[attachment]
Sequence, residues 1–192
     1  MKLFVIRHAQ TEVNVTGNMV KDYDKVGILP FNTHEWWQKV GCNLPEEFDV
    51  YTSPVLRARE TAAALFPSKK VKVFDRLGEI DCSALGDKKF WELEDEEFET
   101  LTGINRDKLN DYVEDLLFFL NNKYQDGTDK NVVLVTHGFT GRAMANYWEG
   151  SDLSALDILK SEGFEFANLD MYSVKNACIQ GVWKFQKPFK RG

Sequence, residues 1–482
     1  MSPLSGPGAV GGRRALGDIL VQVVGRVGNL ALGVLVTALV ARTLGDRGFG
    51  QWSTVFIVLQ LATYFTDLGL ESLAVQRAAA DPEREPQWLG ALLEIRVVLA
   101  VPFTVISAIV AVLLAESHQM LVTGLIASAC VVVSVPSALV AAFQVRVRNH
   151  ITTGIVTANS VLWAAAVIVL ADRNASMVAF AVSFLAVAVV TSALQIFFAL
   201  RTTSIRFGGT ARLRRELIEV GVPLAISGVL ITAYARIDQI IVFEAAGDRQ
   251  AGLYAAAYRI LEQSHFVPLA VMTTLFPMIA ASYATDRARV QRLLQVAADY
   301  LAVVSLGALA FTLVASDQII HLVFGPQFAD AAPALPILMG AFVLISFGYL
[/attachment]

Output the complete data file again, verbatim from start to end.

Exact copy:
Sequence, residues 1–192
     1  MKLFVIRHAQ TEVNVTGNMV KDYDKVGILP FNTHEWWQKV GCNLPEEFDV
    51  YTSPVLRARE TAAALFPSKK VKVFDRLGEI DCSALGDKKF WELEDEEFET
   101  LTGINRDKLN DYVEDLLFFL NNKYQDGTDK NVVLVTHGFT GRAMANYWEG
   151  SDLSALDILK SEGFEFANLD MYSVKNACIQ GVWKFQKPFK RG

Sequence, residues 1–482
     1  MSPLSGPGAV GGRRALGDIL VQVVGRVGNL ALGVLVTALV ARTLGDRGFG
    51  QWSTVFIVLQ LATYFTDLGL ESLAVQRAAA DPEREPQWLG ALLEIRVVLA
   101  VPFTVISAIV AVLLAESHQM LVTGLIASAC VVVSVPSALV AAFQVRVRNH
   151  ITTGIVTANS VLWAAAVIVL ADRNASMVAF AVSFLAVAVV TSALQIFFAL
   201  RTTSIRFGGT ARLRRELIEV GVPLAISGVL ITAYARIDQI IVFEAAGDRQ
   251  AGLYAAAYRI LEQSHFVPLA VMTTLFPMIA ASYATDRARV QRLLQVAADY
   301  LAVVSLGALA FTLVASDQII HLVFGPQFAD AAPALPILMG AFVLISFGYL